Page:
Panelist: Hany Farid, University of California, Berkeley (United States)

CT Reconstruction -- Decomposition

Session Chairs: Marc Klasky, Los Alamos National Laboratory (United States) and Jong Chul Ye, Korea Advanced Institute of Science and Technology (KAIST) (Republic of Korea)
16:15 – 17:15
Red Room

Limited-view cone beam CT reconstruction using 3D patch-based supervised and adversarial learning: Validation using hydrodynamic simulations and experimental tomographic data, Marc Klasky1, Anish Lahiri2, Jeff Fessler2, Saiprasad Ravishankar3, Michelle Espy1, Michael T. McCann1, Trevor Wilcox1, and Ajeeta Khatiwada1; 1Los Alamos National Laboratory, 2University of Michigan, and 3Michigan State University (United States) [view abstract]


Machine learning and spatial decomposition for large CT scans, Gary J. Saavedra and Eric C. Cyr, Sandia National Laboratories (United States) [view abstract]


X-ray CT reconstruction leveraging CAD models, physics-based information and GANs, Amir K. Ziabari1, Abhishek Dubey2, Singanallur Venkatakrishnan1, Paul Brackman3, Curtis Frederick3, Philip Bingham1, Ryan Dehoff1, and Vincent Paquit1; 1Oak Ridge National Laboratory, 2Center of Cancer Research (NCI-NIH), and 3Carl Zeiss Metrology LLC (United States) (United States) [view abstract]


Wednesday 26 January 2022

KEYNOTE: 2D Unknown View Tomography -- Phase Imaging and Artificial Intelligence

Session Chairs: Marc Klasky, Los Alamos National Laboratory (United States) and Jong Chul Ye, Korea Advanced Institute of Science and Technology (KAIST) (Republic of Korea)
15:00 – 16:00
Green Room

KEYNOTE: An adversarial learning approach for 2D unknown view tomography, Mona Zehni and Zhizhen J. Zhao, University of Illinois at Urbana-Champaign (United States)

The goal of 2D tomographic reconstruction is to recover an image given its projection lines from various views. It is often presumed that projection angles associated with the projections are known in advance. Under certain situations, however, these angles are known only approximately or are completely unknown, when imaging moving objects. It becomes challenging to reconstruct the image from a collection of random projection. We introduce an adversarial learning based approach to recover the image and the projection angle distribution by matching the empirical distribution of the measurements with the generated data. Fitting the distributions is achieved through solving a min-max game between a generator and a critic based on Wasserstein generative adversarial network structure. To accommodate the update of the projection angle distribution through gradient back propagation, we approximate the loss using the Gumbel-Softmax reparameterization of samples from discrete distributions. Our theoretical analysis verifies the unique recovery of the image and the projection distribution up to a rotation and reflection upon convergence. Our numerical experiments showcase the potential of the method to accurately recover the image and the projection angle distribution under noise contamination.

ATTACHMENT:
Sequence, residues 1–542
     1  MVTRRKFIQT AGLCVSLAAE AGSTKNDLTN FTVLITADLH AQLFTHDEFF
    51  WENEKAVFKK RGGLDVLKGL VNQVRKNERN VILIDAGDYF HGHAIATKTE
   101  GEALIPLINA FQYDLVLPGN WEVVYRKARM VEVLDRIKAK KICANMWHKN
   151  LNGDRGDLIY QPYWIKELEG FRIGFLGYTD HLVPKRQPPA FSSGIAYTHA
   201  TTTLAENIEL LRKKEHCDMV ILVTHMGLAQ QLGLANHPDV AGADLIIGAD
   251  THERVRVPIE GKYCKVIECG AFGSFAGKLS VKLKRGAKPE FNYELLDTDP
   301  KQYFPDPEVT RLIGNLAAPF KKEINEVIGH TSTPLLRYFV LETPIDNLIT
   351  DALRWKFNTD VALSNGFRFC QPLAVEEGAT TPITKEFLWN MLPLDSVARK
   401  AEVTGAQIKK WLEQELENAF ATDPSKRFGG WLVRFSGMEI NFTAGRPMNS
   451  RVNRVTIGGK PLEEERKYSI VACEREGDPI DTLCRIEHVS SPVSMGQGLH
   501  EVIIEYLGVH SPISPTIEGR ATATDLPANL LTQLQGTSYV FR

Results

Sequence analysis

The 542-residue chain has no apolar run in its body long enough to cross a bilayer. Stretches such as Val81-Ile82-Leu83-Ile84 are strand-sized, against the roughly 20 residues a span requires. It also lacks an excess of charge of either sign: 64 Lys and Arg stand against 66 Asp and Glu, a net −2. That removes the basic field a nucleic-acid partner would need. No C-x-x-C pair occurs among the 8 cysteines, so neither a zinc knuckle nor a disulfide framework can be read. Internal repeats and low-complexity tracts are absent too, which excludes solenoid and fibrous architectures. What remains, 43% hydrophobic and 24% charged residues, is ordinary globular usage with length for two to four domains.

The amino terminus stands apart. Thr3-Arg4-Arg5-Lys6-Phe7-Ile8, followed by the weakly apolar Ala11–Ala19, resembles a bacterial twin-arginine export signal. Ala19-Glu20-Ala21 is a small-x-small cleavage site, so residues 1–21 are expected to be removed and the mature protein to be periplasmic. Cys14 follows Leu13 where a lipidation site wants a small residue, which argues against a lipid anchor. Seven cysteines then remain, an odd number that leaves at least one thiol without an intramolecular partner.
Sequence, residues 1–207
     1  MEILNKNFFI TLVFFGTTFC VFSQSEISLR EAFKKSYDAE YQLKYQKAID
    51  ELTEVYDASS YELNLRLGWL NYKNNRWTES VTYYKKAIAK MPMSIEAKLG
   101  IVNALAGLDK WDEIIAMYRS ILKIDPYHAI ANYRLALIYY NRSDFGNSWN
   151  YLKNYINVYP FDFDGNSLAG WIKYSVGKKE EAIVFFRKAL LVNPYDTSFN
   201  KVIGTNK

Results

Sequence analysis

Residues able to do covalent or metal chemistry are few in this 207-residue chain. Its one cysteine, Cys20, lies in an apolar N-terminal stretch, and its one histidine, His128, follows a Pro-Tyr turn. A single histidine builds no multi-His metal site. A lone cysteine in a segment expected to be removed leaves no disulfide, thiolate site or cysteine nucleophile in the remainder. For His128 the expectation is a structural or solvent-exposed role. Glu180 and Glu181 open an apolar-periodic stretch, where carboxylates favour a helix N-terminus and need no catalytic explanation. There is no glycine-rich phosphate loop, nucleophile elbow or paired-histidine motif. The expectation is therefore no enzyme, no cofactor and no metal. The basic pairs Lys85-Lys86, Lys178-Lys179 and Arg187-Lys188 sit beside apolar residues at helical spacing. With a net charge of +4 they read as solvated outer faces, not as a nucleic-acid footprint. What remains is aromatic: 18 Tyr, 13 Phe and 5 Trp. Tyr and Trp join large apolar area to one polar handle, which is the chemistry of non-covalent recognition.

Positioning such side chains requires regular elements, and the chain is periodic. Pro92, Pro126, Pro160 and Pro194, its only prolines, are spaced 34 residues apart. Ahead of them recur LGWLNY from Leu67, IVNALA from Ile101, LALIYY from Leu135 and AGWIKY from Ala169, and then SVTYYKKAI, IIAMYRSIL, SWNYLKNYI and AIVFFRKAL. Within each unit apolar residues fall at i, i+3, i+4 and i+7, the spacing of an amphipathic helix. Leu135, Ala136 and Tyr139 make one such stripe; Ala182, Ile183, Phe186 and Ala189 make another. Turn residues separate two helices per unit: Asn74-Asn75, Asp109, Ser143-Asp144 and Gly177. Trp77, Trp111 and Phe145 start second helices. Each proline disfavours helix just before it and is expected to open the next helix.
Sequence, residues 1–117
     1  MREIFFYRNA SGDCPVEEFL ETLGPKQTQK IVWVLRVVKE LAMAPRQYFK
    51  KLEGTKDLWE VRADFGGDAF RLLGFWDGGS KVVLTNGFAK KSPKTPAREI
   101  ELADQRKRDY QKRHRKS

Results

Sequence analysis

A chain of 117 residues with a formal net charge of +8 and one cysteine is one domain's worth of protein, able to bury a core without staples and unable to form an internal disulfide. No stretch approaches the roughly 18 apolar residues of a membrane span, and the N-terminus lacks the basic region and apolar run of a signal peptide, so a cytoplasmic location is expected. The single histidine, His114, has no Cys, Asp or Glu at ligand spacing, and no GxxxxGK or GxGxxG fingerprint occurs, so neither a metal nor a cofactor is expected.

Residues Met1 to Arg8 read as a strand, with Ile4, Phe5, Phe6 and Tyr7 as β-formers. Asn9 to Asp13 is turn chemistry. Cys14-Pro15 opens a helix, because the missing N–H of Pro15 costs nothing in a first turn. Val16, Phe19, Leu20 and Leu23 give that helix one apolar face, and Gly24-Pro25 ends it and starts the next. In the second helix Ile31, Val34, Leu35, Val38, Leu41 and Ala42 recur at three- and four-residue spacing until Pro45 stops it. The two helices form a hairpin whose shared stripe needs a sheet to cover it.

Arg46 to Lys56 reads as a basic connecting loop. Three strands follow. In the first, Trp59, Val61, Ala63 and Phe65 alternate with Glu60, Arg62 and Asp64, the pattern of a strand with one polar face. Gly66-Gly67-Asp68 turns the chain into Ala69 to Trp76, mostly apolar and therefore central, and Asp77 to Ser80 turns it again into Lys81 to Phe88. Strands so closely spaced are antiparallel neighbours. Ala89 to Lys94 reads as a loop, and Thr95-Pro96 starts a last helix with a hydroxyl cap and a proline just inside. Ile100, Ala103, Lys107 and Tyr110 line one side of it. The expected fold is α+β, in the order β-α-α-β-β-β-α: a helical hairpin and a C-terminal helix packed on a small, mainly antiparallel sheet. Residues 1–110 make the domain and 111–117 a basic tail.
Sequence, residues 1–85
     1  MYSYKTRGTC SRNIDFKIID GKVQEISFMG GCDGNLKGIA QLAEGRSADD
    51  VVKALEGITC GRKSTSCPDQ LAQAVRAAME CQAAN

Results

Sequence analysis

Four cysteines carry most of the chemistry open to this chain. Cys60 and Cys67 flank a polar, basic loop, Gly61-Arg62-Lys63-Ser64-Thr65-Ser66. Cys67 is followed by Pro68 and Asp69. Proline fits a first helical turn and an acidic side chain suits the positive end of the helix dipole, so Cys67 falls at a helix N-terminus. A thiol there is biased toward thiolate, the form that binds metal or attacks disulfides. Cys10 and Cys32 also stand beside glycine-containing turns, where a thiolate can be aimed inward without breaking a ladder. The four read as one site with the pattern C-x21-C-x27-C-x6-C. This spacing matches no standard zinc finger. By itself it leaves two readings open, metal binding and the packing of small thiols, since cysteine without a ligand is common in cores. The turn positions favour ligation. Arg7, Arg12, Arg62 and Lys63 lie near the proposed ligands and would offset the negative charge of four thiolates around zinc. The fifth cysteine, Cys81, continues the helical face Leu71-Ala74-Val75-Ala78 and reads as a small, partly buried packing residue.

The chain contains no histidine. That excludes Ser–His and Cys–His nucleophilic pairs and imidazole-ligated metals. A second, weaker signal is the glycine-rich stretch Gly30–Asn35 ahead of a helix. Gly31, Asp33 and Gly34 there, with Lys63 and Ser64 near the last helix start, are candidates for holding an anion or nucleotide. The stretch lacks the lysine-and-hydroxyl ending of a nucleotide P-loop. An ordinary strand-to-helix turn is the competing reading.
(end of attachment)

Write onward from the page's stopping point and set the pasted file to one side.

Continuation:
Zhizhen J. Zhao is an assistant professor in the department of electrical and computer engineering at the University of Illinois, Urbana-Champaign, with affiliation to the Coordinated Science Laboratory and the National Center Supercomputing Applications. She is also an affiliate assistant professor in the department of mathematics and the department of statistics. Her areas of research include geometric data analysis, dimensionality reduction, mathematical signal processing, scientific computing, and machine learning. Applications to imaging sciences and inverse problems, including cryo-electron microscopy image processing, data-driven methods for dynamical systems, and uncertainty quantification. Prior to joining ECE Illinois in 2016, she was a Courant Instructor at the Courant Institute of Mathematical Sciences, New York University. She received her PhD in physics from Princeton University (2013) working with Amit Singer and graduated from Trinity College, Cambridge University, with a BS and MS in physics (2008).

Quantitative phase imaging and artificial intelligence: Label-free 3D imaging, classification, and inference, Yongkeun Park1,2; 1Korea Advanced Institute of Science and Technology (KAIST) and 2Tomocube, Inc. (Republic of Korea) [view abstract]


Imaging Through Scattering Medium -- Hydrodynamics Simulations

Session Chairs: Marc Klasky, Los Alamos National Laboratory (United States) and Jong Chul Ye, Korea Advanced Institute of Science and Technology (KAIST) (Republic of Korea)
16:15 – 17:15
Green Room

Physics-embedded deep learning for diffuser-based funduscope, Yunzhe Li and Lei Tian, Boston University (United States) [view abstract]


Imaging through scattering medium with deep phase retrieval, Mooseok Jang, Hyungjin Chung, Hyeonggeon Kim, Gookho Song, and Jong Chul Ye, Korea Advanced Institute of Science and Technology (KAIST) (Republic of Korea) [view abstract]


Physics based hydrodynamic learning from hydrodynamics simulations with mass constraints for density reconstruction in dynamic tomography, Marc Klasky1, Balu Nadiga1, Soumi De1, Oleg Korobkin1, Jennie Disterhaupt1, Trevor Wilcox1, Mallha Hossain1,2, and Charles A. Bouman2; 1Los Alamos National Laboratory and 2Purdue University (United States) [view abstract]